I think as things progress the way they have we will see a lot more of this around the world and maybe even here – we’re definitely not immune.   As states go, so do currencies, agreements (pensions, welfare, etc.), political arrangements and other things that many people depend upon.    Remember, political borders and governments are not permanent and change over the course of time.   Where I sit right now used to be considered Indian territory, then it was some land settled by some white guys, now it’s the United States and who knows what it will be in a couple of decades.     Maybe microstates are our future instead of the more monolithic nation states we’ve had over the past century or two?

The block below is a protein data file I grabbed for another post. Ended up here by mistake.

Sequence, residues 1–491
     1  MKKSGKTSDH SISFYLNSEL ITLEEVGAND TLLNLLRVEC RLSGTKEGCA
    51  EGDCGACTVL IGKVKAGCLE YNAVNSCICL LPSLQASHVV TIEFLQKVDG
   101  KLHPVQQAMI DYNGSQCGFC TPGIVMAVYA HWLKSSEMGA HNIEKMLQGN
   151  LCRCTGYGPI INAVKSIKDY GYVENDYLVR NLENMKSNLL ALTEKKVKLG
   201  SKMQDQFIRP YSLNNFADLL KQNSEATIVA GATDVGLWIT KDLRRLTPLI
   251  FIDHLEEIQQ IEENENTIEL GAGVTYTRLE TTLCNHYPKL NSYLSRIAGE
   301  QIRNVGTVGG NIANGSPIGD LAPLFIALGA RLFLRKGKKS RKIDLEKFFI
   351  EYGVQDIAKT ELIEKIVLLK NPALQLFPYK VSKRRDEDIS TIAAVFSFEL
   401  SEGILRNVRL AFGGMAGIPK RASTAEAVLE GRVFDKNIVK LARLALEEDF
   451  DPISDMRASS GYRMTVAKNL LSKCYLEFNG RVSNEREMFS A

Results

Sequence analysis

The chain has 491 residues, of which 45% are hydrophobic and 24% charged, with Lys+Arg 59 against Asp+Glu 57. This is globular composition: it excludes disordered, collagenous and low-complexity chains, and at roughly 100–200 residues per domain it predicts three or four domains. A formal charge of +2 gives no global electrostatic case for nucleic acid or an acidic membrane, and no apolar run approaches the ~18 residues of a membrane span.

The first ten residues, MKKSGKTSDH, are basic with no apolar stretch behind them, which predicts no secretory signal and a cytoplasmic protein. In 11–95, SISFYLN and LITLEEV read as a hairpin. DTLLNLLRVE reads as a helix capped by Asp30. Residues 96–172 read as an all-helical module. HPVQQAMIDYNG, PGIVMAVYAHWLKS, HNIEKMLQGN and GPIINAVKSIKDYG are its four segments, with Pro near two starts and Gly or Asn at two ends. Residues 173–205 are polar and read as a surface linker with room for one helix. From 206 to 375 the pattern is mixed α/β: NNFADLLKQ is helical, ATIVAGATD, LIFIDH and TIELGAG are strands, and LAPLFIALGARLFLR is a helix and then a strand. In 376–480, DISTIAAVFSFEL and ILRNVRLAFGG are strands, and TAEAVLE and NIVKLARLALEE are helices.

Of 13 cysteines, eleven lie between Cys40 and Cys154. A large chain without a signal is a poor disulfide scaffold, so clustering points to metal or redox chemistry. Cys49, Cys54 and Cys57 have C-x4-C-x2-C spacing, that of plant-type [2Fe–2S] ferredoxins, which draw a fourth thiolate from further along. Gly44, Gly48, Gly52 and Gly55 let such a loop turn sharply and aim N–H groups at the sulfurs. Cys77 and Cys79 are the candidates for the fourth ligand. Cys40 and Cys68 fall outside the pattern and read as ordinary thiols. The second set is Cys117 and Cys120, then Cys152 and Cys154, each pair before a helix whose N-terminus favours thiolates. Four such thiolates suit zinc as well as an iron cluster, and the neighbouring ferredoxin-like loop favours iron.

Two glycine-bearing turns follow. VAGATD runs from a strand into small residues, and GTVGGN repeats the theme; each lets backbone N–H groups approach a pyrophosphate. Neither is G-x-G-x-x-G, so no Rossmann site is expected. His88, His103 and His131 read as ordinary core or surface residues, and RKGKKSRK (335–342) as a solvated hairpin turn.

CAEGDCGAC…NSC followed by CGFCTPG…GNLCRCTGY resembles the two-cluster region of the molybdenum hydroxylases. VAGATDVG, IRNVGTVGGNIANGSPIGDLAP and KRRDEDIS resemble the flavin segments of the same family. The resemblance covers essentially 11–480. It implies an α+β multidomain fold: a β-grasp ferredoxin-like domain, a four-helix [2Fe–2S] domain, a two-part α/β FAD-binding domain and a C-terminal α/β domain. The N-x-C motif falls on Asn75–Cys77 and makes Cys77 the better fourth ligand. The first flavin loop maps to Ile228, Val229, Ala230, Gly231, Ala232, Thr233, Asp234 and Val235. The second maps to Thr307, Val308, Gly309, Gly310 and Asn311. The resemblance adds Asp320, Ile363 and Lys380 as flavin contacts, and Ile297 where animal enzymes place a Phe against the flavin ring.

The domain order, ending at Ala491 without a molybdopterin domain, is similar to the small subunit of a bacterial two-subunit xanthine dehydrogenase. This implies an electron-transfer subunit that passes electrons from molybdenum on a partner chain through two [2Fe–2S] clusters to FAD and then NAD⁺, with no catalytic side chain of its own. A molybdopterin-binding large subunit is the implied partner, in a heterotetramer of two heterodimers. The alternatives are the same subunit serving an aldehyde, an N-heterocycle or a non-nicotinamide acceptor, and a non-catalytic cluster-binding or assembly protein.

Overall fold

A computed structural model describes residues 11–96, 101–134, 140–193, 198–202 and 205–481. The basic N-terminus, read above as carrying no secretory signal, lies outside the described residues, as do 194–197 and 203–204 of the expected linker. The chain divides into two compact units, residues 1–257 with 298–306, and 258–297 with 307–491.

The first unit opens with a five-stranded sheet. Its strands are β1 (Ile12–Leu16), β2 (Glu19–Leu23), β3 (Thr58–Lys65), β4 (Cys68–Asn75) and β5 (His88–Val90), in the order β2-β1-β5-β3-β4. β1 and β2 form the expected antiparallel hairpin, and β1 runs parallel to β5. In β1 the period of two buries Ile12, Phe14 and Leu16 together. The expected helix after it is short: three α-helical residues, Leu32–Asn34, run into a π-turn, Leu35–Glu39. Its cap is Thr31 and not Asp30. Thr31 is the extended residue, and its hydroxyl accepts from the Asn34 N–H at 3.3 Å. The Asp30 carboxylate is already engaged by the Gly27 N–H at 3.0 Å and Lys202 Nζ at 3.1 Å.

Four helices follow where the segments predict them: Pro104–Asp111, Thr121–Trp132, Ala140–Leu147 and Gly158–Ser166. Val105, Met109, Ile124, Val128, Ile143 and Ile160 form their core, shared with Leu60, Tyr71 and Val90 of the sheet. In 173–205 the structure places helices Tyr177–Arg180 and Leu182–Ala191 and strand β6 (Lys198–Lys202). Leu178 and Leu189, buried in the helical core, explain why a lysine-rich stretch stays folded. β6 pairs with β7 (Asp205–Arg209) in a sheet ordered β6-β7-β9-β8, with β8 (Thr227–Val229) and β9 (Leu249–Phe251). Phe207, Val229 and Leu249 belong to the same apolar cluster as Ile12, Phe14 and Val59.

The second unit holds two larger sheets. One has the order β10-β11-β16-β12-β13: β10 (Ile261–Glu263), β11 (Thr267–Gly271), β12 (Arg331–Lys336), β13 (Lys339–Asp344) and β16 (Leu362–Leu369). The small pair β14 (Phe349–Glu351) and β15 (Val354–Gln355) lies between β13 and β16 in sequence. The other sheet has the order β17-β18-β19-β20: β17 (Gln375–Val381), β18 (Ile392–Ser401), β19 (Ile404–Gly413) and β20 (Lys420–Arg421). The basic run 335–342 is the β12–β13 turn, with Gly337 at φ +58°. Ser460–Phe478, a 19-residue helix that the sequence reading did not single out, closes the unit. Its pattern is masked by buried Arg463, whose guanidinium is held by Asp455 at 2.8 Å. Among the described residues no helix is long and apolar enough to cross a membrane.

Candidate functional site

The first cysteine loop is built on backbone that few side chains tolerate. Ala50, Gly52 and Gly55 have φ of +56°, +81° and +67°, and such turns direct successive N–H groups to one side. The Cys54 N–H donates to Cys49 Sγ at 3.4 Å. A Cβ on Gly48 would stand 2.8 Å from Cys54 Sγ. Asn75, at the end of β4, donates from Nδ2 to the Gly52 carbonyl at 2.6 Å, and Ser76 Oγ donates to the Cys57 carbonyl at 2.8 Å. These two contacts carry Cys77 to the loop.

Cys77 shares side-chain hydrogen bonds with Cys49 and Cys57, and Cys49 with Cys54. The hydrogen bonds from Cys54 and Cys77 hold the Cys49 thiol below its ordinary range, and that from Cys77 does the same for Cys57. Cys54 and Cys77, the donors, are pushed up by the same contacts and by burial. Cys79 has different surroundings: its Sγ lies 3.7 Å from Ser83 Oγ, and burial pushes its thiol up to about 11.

Even though I don’t see any viable secession movements happening in the US in the immediate future, I do see it as something that could very well be in our future over the next few decades.   I think it’s a good idea to think about having skills and things of value that transcend the state.   By that I mean having things like precious metals and items (tools, durable household items, machinery, etc) that keep their value and most importantly having skills and knowledge that will make you valuable regardless of where you end up (or who ends up with you) one way or another.




  • Rottenclam

    I had no idea about the Catalonian secession movement, but that makes sense seeing as how I’m here in the US and do not make it a priority to follow the deeper political issues within the European countries. Like you mentioned, the Basque separatists get all the press (I’ve heard of that movement many times before, and I think they’ve been around since the 60s). The Basque’s are probably akin to the secession movement going on in Quebec. Been around for a long time, makes a lot of noise, but the break just *never* seems to happen.